Buffalo's "Neighborhoods of Choice" Program
The City of Buffalo is ready to preserve and save some choice residential neighborhoods through city and private funding sources, starting in 2008.
Phase 1 of the program targets the Hamlin Park area, and Phase 2 will concentrate on the Grant-Ferry District. Neighborhoods of Choice are characterized as residential areas that offer a host of amenities, both environmental and commercial. From the August 2007 City of Buffalo Neighborhoods of Choice: Part of the Mayor's Livable Communities Initiative booklet, the targeted areas have: …historic homes of unparalleled beauty, easy access to parks, parkways and waterways, proximity to vibrant commercial streets, [and are] near institutions of higher learning and other community assets.
Phase 1 funding breaks down as follows:
City of Buffalo.........................................$1,000,000
Capital Improvement Program.................$1,000,000
*Community Development Block Grant
The idea is to fix and regrow neighborhoods in an effort to create overall improvements in the city's offerings to current residents and potential homeowners. In conjunction with the Buffalo Niagara Association of Realtors and Citizens Bank, the program seeks to increase home ownership through planning, rehabilitation and marketing residences, as well as improving the neighborhood infrastructure.
Hamlin Park, a century old neighborhood flanking Olmsted's Humbolt Parkway, is designated as a HUD approved Neighborhood Revitalization Strategy Area (NRSA) and is therefore eligible for CDBG funding. Grant Ferry is considered a Neighborhood of Choice by virtue of its links to Olmsted's Richmond Avenue parkway and its proximity to the Niagara River and Elmwood Village.
The good news for owner/residents is that there is funding available for up to 50% of the cost of home improvements, up to $30K. One and two-family structures that are owner-occupied are eligible once they meet approval by the Office of Strategic Planning, are without code violations, and have matching funds, whether from savings or an approved lender. Half of the city funds must be repaid, as agreed, during a 15-year term at 2% interest, at which time the city will forgive the other half.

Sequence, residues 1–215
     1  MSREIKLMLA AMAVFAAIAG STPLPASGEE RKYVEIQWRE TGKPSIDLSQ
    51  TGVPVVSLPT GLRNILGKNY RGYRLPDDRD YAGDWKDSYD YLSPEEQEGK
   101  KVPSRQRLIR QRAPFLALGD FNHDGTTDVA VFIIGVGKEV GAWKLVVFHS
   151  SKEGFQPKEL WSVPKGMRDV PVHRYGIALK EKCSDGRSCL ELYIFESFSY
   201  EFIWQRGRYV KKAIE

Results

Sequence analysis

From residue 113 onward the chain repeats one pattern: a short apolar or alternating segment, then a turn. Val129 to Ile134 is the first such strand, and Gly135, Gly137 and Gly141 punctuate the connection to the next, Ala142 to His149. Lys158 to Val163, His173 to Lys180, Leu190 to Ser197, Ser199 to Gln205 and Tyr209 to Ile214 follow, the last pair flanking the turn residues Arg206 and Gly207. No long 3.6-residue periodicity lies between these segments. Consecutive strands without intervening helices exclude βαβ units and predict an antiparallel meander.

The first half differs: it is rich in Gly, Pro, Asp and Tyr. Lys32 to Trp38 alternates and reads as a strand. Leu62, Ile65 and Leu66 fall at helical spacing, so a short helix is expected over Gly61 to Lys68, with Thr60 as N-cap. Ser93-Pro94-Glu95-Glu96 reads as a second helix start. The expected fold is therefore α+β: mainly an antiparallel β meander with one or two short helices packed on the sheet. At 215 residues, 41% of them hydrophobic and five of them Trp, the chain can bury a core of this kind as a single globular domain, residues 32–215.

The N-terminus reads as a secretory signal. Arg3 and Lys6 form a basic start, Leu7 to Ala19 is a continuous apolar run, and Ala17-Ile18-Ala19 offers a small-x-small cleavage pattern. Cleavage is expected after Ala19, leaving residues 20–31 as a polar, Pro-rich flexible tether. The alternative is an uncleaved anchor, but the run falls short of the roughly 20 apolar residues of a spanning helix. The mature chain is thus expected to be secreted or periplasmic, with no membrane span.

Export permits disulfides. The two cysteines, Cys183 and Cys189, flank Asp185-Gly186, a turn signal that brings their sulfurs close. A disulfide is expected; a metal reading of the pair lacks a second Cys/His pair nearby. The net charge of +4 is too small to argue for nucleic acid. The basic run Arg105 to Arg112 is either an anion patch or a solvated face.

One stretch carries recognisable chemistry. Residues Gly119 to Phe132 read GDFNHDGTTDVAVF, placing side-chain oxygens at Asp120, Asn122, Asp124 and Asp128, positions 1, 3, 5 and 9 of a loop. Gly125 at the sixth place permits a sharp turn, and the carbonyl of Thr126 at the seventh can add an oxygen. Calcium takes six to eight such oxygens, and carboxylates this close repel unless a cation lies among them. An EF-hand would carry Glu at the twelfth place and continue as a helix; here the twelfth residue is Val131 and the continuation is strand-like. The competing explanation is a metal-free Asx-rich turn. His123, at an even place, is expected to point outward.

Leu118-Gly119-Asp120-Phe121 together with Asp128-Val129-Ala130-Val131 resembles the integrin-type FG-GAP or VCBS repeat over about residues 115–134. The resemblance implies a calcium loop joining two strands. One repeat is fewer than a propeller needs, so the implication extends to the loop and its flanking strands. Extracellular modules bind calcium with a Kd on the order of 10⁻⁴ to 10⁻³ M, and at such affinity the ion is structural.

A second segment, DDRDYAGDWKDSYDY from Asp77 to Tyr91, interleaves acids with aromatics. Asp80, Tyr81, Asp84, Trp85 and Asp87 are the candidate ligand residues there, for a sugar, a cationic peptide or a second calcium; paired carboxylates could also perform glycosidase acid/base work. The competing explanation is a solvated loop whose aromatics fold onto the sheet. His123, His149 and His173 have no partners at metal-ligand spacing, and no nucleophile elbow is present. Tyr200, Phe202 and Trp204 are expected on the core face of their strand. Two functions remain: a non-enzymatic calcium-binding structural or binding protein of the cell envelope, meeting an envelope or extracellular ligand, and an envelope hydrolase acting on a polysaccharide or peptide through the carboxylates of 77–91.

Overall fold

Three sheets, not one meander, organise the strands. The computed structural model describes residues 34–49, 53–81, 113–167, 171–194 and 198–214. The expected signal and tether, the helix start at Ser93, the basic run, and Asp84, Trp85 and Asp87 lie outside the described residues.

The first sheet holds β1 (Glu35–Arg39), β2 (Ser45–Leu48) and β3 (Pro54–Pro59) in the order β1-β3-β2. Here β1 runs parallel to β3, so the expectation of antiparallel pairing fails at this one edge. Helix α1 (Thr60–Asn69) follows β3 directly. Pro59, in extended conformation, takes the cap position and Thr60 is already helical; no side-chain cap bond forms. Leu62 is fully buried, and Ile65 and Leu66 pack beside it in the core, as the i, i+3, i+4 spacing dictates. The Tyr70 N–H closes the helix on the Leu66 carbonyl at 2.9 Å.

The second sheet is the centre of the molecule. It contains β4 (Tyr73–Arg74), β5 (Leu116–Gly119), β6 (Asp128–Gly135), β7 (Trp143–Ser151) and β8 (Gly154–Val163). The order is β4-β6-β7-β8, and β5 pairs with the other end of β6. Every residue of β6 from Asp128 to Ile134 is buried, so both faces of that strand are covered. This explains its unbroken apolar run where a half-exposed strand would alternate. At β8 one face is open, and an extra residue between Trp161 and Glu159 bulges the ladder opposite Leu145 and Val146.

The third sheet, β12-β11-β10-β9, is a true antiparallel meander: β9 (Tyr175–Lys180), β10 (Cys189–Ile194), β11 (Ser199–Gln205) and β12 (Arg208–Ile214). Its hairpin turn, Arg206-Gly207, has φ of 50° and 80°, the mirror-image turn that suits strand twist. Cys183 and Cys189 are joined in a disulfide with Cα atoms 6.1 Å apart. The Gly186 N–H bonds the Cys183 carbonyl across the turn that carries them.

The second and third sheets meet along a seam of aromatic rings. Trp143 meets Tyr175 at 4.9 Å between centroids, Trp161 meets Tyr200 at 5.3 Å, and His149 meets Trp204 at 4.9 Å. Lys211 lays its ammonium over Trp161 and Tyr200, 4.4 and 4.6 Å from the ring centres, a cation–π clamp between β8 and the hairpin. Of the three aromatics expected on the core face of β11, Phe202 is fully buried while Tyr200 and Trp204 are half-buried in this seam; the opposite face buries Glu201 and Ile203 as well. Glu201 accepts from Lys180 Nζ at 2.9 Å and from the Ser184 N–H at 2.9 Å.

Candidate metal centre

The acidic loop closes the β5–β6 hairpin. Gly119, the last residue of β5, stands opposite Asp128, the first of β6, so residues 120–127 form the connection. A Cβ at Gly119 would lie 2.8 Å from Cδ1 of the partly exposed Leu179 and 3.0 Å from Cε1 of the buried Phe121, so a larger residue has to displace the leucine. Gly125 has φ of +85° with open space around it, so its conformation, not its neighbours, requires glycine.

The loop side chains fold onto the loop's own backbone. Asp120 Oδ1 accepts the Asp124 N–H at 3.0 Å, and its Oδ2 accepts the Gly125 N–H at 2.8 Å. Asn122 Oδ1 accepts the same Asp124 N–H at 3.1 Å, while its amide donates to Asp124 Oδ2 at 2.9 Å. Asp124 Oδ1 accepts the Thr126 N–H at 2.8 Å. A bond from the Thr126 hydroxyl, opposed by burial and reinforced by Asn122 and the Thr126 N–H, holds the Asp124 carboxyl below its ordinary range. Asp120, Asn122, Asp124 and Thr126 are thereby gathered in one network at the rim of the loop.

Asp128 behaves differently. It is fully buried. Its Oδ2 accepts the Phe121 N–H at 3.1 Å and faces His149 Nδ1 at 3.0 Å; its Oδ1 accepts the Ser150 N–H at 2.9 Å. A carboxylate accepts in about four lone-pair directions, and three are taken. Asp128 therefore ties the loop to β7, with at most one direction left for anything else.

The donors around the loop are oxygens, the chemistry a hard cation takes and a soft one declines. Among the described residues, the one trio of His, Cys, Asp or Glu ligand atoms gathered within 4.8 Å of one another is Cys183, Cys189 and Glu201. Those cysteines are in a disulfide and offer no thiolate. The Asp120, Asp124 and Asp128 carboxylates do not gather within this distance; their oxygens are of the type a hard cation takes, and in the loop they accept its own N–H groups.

As a conditional grant to the homeowner, lead-based paint remediation, conducted by an EPA certified lead contractor, will be paid for by the city. All loan costs, as well as this grant will be contingent on the homeowner occupying the home during the entire term of the loan.
Furthermore, down payment and closing costs on marketable houses in the designated areas will be covered up to a maximum of $10K, and will be forgiven after 5 years if the house is owner-occupied during that time. The sale of the house before that time will require reimbursement of these costs.
As an even further boost for low to moderate income owner-occupants and buyers (those who fall at or below 80% of area median income levels), there is a deferred loan program that offers $25K for a single family unit or $35K for a double, with partial repayment at no interest on a monthly basis. Depending on income level and the ability to pay, part of the loan will be forgiven.
Again, the home must be owner-occupied, brought into compliance with housing codes, and lead-free, but there is federal funding through the HOME program that will cover the compliance costs if the home is owner-occupied throughout a 10-year regulatory period. This is all good news for homeowners who plan on staying in their homes, and want to see their neighborhoods revitalized.
The only downside will befall those property owners who don't comply with city housing codes. These neighborhoods will be under the close scrutiny of the commissioner of the Economic Development Permit and Inspection Services, who will begin code enforcement actions. Code violations will be sent to the property owners, along with funding sources. Monthly updates will be noted on properties in code violation and those in non-compliance will be brought to housing court.
One of the goals in the rehabilitation and resale of properties in these targeted areas is to remedy vacant properties and deteriorated rental properties. Once renovated, the properties will be sold to people of various income levels in an effort to maintain a mixed-income community.